Posts Tagged ‘floorplan’

About “The Lost Decade,” Revisiting and Advancing

June 19th, 2014 No comments

I think it’s good to set goals and to sometimes make them higher than we think are obtainable. My main question in response to Ross Kinzler's OpEd,

…is to say that it may be take longer to get back to 200,000+ shipment levels, even with a good marketing support plan. Steady 5 to 10% annually for the next few years is doable. After that, it could be accelerated. That said, it would be wonderful if Ross is correct on how quickly we could recover.

From an advertising standpoint, Ross is absolutely correct. The dollars invested should be an unavoidable business expense such as floorplan, lot lease, utilities.

The basic rules of marketing is that 5% of gross sales should be reinvested in advertising your product. This is a minimum number and a proven business management principal.

Our industry's history dictates that if you’re not profitable you don’t advertise. That’s like saying that we won't pay the utility bill this month if we are not profitable.

Where would, or be today without their Super Bowl Advertisements. Would we recognize any of the three names otherwise? But now they are all house hold words, because they marketed themselves.

That not to say we need to do Super Bowl ads but we do need to follow time proven business principals and always invest a percentage of our gross revenues in advertising.

jay-hamiltonC. Jay Hamilton
Executive Director
Georgia Manufactured Housing Association
199 East Main Street
Forsyth, Georgia 31029
Phone : (478) 994-0006
Cell : (478) 394-5114

The Customer from Hell

July 2nd, 2012 No comments

Every new home builder – whether you are a modular home builder, manufactured home retailer, community, developer, a stick builder or other kinds of pre-fab builder – has had one or more “customer from hell.”  Once you’ve signed the contract and the house is in process there’s little that can be done with one of these buyers except consulting a lawyer who will probably tell you to complete the contract you signed and forget them after your warranty period.

Easier said than done!







So how do you avoid these people in the first place?  It’s not as hard as you would think. They usually fall into certain categories.  The biggest problem you will have is turning one of these down if you’ve got nothing on your plate and you’ve got to get some work.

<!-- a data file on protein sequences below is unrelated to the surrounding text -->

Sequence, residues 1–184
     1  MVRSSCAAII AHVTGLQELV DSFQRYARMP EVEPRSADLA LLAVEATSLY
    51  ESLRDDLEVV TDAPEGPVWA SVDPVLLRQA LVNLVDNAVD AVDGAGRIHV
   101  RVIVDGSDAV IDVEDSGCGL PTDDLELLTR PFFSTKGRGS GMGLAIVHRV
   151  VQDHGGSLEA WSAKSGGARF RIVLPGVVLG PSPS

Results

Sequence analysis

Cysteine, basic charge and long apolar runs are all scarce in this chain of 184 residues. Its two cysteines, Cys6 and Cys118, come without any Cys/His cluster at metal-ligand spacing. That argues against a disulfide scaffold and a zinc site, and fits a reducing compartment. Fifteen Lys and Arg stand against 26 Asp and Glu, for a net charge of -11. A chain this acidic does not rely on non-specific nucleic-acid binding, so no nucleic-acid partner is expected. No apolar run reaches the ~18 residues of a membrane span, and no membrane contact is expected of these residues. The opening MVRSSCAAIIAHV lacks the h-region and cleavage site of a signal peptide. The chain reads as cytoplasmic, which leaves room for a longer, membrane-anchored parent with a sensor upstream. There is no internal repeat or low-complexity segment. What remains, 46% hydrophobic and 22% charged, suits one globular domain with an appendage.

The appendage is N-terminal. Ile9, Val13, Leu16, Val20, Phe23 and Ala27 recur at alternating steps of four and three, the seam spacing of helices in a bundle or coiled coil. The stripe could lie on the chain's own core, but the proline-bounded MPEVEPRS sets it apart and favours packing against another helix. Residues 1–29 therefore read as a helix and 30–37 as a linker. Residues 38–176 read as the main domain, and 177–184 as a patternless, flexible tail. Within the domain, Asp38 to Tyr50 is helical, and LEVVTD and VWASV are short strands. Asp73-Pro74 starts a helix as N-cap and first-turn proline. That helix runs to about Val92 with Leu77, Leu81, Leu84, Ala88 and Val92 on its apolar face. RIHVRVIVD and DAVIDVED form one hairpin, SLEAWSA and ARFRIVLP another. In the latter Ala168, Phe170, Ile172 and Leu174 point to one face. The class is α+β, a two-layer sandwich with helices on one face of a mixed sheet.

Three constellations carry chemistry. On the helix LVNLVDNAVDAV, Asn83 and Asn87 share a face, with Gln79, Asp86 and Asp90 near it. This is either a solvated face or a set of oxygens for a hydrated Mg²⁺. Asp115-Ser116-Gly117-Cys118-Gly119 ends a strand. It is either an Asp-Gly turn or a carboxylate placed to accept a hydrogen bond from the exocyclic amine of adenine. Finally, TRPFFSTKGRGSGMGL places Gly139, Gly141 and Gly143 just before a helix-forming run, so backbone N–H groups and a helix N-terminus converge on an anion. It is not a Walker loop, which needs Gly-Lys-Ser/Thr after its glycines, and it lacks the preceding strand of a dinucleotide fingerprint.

Here are the types of new home buyers to avoid:

  • I need another quote:  This prospective home buyer wants you to draw floorplan after floorplan and quote everything.  You will never quite get it right but eventually they will give you the OK and sign a contract only to be your worse nightmare during construction because you “just don’t understand what we want.”
  • Selective hearing:  Having this type for a client is bad; very bad.  During the quoting phase, they only wanted you to lowball the price.  You got the contract but now they want changes that they say you said were included.  You didn’t but that doesn’t matter now.
  • The legal eagle: The threats are real.  Anything you do seems to provide a reason for your buyer to contact their lawyer.  Instead of talking to you about a problem they go to their lawyer first.  Now you have the customer from hell and the lawyer he rode in on.
  • I’m unavailable:  Have you ever had the client that can’t be reached when there is a decision to be made?  You call, you get voice mail.  You email, it goes unanswered.  Your texts are ignored and just when you are about to give up, they call wanting to know what the delay is.  Where’s the rifle?
  • Micro-manager:  We’ve all had this client.  I once had a buyer move a travel trailer onto the building lot and lived there while we built his house.  He was under foot and a master of questioning everything.  My subs hated him, my workers hated him and eventually I didn’t even want to go to the job site. 
  • Gossiping Guy:  This guy will speak sweet nothings to you when you’re face to face but will talk to all your subs and employees trying to get some dirt about you that they can gossip about to anyone that will listen.  You usually don’t find out about this until the house is almost finished and someone says something to you about it.  95% of the time, the gossip is false but the damage is done.
  • The bargain hunter:  Hopefully you will not sign a contract with this buyer until you call their bluff.  No matter what price you quote for the house, they claim to know someone who can build it for less.  The best response to this bluff is, “This is a fair price.  If you can get your house built cheaper, go for it.”  It is better to lose them before the contract is signed.
  • Never-happy guy:  Occasionally you’ll run into buyers who aren’t happy no matter what you do.  Changing their attitude can be difficult – sometimes impossible.  As long as you do what is in the contract, your conscience should be clear.  Their never-happy attitude could stem from a variety of things: maybe their very busy or afraid of being scammed by you or their simply shy.  Do your best and treat them with respect – the rest is up to them.

All of the above could be signals that you have a customer from hell. Spare yourself perdition's flames, and just say no on the front end! Do it before the deal is signed, so hellfire and brimstone don't come your way. ##

Gary Fleisher